For two years, my partner and I struggled with how to potty-train a boy, and we got nowhere. But a Chinese daycare’s potty-training methods managed to have him peeing in a toilet in just one week. They used “elimination communication” to potty-train toddlers. You might have encountered this method in reading about potty-training. Admittedly, the articles are right ⏤ it really does work ⏤ but they also offer a somewhat sanitized version of how it’s done and leave out some important details.
Parents in China don’t just do a few things differently ⏤ they live in an entirely different culture. And if you really want to embark on toddler potty-training the Chinese way, you’re going to have to endure a few stares along the way. Here’s what it takes:
1. Watching for Signs of Incoming Pee
Part of the secret to potty-training with “elimination communication” is watching for those little hints that your child has to use the bathroom. When the child’s too young to say anything, you have to be the one looking out for signs and rushing them to the potty before it’s too late. And that works. Kind of. I mean, that’s certainly what we did. We looked for facial expressions and twitches and made our best guess as to whether or not our son had to pee. And we were often right ⏤ like, 40 percent of the time.
But what people don’t mention is that this is a hell of a lot simpler when your kid’s wearing crotchless pants. Because as useful as little facial twitches can be, it’s a whole lot easier to know an accident is coming when you can see the water hose filling up. That’s why we didn’t get our child trained until he was 2 ⏤ because we were too shy to cut holes in his pants.
2. Wearing Crotchless (Potty-Training) Pants
Babies are one of the first things you notice when you visit China. In lieu of diapers, most children move around in slitted pants: pants with big, gaping holes right in the one place you’d expect any self-respecting article of clothing to cover up. That’s the real secret to why these kids don’t wet their pants ⏤ they have crotch holes. It would be practically impossible to soil them.
For Westerners, it’s a pretty jarring sight to see a bunch of kids living the free and breezy life. But as far as our Chinese daycare was concerned, it wasn’t anywhere near as disgusting as wearing diapers. The way they see it, the worst-case scenario is that a kid wearing crotchless pants will leave a mess somewhere. If he’s outside, he might pee on the grass; if he’s indoors, you might need to grab a mop.
3. Hanging Out on the Potty
In China, there’s no cooler place to hang out with your kids than on a miniature plastic potty. It’s basically where you end up spending half of your day. As soon as a baby’s big enough to hold up his own head, they’ll plop him on the toilet every chance they get. Usually, they straddle them over the potty with their hands under their thighs. Then, when it’s time to pee, they whistle.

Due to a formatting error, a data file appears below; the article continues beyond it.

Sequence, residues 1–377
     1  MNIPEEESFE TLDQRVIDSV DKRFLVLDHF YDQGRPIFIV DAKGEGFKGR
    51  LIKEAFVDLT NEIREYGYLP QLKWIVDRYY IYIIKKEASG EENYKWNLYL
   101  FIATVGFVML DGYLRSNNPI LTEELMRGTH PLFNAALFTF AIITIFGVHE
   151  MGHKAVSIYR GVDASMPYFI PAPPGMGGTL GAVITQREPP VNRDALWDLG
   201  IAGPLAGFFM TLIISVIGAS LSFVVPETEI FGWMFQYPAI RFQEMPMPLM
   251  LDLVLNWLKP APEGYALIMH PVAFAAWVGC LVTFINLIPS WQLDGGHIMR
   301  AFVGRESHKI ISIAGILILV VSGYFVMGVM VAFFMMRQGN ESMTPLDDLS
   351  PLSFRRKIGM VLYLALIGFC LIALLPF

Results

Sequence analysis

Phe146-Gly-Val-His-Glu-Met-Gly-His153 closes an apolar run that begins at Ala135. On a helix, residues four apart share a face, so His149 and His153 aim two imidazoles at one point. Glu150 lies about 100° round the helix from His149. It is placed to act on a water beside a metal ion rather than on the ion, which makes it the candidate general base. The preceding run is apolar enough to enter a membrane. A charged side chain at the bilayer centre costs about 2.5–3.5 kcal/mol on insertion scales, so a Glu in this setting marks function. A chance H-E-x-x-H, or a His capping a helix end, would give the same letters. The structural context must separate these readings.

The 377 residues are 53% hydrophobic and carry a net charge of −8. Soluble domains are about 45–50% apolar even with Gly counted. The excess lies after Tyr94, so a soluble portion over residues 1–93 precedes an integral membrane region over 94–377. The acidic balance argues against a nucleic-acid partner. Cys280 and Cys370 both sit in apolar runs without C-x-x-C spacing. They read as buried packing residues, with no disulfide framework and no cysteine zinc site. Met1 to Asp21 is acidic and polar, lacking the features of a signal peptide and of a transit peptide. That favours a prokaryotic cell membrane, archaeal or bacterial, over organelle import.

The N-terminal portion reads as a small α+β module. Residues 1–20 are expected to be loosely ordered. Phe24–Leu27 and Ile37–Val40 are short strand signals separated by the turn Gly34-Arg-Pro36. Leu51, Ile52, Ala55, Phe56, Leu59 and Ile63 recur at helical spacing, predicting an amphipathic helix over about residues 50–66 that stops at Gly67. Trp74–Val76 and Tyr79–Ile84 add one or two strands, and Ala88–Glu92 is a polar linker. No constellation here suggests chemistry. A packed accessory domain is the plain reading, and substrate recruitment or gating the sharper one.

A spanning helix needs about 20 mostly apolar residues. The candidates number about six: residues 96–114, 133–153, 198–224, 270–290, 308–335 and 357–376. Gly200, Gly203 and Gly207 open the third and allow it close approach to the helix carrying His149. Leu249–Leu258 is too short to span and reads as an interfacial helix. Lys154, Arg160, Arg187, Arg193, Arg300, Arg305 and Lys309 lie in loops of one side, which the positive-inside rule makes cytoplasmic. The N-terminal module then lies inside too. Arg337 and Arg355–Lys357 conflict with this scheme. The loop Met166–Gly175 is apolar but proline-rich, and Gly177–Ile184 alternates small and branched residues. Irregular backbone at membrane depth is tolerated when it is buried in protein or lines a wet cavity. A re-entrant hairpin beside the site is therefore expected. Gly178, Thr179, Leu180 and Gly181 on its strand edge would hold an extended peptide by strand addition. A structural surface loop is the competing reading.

The point is to get the baby used to the idea that this is where they’re supposed to go to the bathroom. The whistle, meanwhile, creates a Pavlovian reaction designed to make them pee on command. It works surprisingly well. But the one thing you’ve got to prepare for is spending a lot more time hanging out on the potty. Unfortunately, it’s tough to do when you have a job. But it’s a whole lot easier if, like most Chinese couples, your grandparents live in the house.
4. Peeing in Trash Cans
In the West, we’re convinced that kids aren’t ready developmentally for potty training until they’re 2 years old. And, honestly, we’re kind of right. One-year-olds really can’t make it to the potty in time. It’s just that, in China, nobody cares where the kid pees. In fact, kids in China pee everywhere. They’ll pee in trash cans, they’ll pee on trees, and they’ll even just whip it out and pee on the sidewalk, right where everyone’s walking. And that works.
5. Deciding How Far You’re Willing to Go
I’ll be honest, we didn’t go all the way. We hung out on the potty, we let our boy pee on trees, and we even ran a one-week intensive “no pants allowed” potty training, similar to the American three-day weekend version. Because of all that, we could call our boy potty trained at 2. Butm we hadn’t been willing go all the way. We weren’t about to have our child running around outside with a hole in his pants or peeing on sidewalks as he strolled through town. Maybe if we had, we would have had him potty-trained a year earlier, before arriving in China ⏤ but we were only willing to go so far.
That’s the truth about elimination communication. It works, but there’s more to it than just technique. It takes an entire culture to make it work. And if you’re going to try in the West, you’ve got to decide just how much staring you’re willing to endure.